In 1992, the General Motors board forced out CEO Robert C. Stempel, a GM lifer, after he had served just short of three years in the top job. At the time, Mr. Battenberg was an executive vice president at GM. He watched as the company’s market share eroded, and Mr. Stempel took the fall. During this time, Mr. Battenberg also witnessed GM’s quiet revolution, in which the largely nonmanagement GM board selected a new CEO, John “Jack” F. Smith, Jr., and a nonexecutive lead director, John G. Smale, the former CEO of Procter & Gamble Company. Mr. Smale helped put in place guidelines designed to ensure the active monitoring of management by independent directors. “I was exposed for about seven years to Smale’s leadership style and that of his corporate governance guru, Ira Millstein,” recalls Mr. Battenberg, who had sat in on board meetings. “It became clear to me the value of the separation between the corporate chairman and the lead director.”
To an outsider, Mr. Battenberg’s interest in relatively ancient GM history and in corporate governance, might seem misplaced, given Delphi’s immediate challenges. A former division of General Motors spun off in 1999, Delphi still gets about 65 percent of its business from GM (a proportion that has steadily shrunk since the spin-off). But Delphi has faced some trying times for the past three years as it feels its way as an independent company and deals with the turmoil and weakness in the global automotive industry. A sharp drop-off in GM sales reduced Delphi revenues in 2001 to $26 billion, about a 10 percent decline from the previous year. In 2002, sales and earnings recovered somewhat; sales reached $27 billion, and net income grew from a $370 million loss in 2001 to a positive $343 million.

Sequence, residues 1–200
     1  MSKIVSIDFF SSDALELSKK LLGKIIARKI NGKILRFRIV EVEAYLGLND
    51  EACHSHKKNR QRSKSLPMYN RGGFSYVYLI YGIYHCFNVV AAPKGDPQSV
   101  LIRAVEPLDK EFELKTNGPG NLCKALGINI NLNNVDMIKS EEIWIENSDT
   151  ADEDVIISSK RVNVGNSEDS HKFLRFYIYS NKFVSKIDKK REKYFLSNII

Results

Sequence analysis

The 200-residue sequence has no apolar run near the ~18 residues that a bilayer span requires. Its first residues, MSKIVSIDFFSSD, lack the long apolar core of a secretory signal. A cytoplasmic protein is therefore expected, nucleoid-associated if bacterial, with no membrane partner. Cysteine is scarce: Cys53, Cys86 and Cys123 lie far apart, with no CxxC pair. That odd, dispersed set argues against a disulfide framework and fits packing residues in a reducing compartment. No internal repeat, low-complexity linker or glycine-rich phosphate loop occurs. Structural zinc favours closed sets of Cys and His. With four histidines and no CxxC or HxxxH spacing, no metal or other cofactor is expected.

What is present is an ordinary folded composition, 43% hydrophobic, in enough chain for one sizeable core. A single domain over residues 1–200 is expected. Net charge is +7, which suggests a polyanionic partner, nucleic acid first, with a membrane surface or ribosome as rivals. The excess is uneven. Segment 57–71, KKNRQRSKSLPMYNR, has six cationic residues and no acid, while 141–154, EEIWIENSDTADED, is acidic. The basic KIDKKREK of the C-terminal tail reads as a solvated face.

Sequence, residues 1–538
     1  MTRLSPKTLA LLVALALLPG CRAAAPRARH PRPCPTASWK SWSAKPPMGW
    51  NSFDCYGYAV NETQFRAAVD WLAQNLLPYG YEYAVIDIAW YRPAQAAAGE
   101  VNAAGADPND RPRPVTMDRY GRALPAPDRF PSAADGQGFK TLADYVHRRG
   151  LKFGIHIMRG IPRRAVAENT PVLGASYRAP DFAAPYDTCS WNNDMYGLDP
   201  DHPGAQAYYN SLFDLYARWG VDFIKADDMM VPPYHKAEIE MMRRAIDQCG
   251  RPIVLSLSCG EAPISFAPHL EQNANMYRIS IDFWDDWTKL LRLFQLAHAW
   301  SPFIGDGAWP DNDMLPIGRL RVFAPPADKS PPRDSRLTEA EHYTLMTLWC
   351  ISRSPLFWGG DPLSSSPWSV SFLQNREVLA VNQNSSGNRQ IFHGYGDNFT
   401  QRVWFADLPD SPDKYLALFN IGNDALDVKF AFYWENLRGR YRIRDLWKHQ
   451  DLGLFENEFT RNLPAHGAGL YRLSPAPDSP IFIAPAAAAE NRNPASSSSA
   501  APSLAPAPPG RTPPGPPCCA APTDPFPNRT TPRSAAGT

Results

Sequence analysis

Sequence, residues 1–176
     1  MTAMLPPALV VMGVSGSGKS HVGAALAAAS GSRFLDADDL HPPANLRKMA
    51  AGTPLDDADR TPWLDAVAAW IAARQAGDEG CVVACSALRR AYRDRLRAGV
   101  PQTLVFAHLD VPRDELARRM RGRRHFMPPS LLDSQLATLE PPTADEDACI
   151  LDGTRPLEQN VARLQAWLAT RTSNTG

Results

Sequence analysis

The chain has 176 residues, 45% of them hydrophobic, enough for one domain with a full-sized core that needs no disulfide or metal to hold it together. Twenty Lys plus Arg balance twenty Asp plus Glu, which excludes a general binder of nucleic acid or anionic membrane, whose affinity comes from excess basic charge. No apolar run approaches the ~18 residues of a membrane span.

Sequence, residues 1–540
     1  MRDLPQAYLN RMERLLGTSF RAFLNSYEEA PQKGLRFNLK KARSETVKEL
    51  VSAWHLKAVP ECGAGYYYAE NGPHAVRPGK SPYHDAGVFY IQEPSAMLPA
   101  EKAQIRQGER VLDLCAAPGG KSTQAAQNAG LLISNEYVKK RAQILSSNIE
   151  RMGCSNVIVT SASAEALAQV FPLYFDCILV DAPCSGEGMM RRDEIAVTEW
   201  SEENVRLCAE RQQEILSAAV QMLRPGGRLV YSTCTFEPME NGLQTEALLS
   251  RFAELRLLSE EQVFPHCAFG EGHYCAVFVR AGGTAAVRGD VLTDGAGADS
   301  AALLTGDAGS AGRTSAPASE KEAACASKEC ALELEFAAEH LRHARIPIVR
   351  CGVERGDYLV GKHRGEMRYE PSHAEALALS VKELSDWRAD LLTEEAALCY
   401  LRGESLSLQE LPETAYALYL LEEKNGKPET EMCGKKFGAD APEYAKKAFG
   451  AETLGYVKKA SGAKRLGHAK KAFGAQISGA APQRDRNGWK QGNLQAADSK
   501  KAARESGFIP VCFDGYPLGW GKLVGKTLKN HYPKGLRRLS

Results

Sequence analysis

In the face of near-term financial pressures and troubles in the automotive industry overall, is corporate governance really worth the CEO’s precious time and attention? For Mr. Battenberg, who began his career as a GM Institute student in 1961 and spent close to four decades at General Motors, including some of the rockiest years in U.S. automotive history, the answer is emphatically “yes.”
Indeed, ever since he became the head of Delphi, which has nearly 192,000 employees (about half as many as its former parent), Mr. Battenberg has been determined to forge a new management and governance culture — one that breaks the ossified mold that led GM and the other two of Detroit’s Big Three automakers through so many upheavals during the last 20 years.
With the help of the late Thomas H. Wyman, a former chief executive of CBS who left the GM board to become Delphi’s first lead director, Mr. Battenberg set out to build what Jay Lorsch, a corporate governance expert at the Harvard Business School, calls one of the most effective and unusual boards in the country.
What sets Delphi’s board apart, in large measure, is a design that positions it to be completely engaged in strategy, not just to serve as an independent advisory council. Individual directors have been selected to support Delphi’s specific managerial and strategic challenges: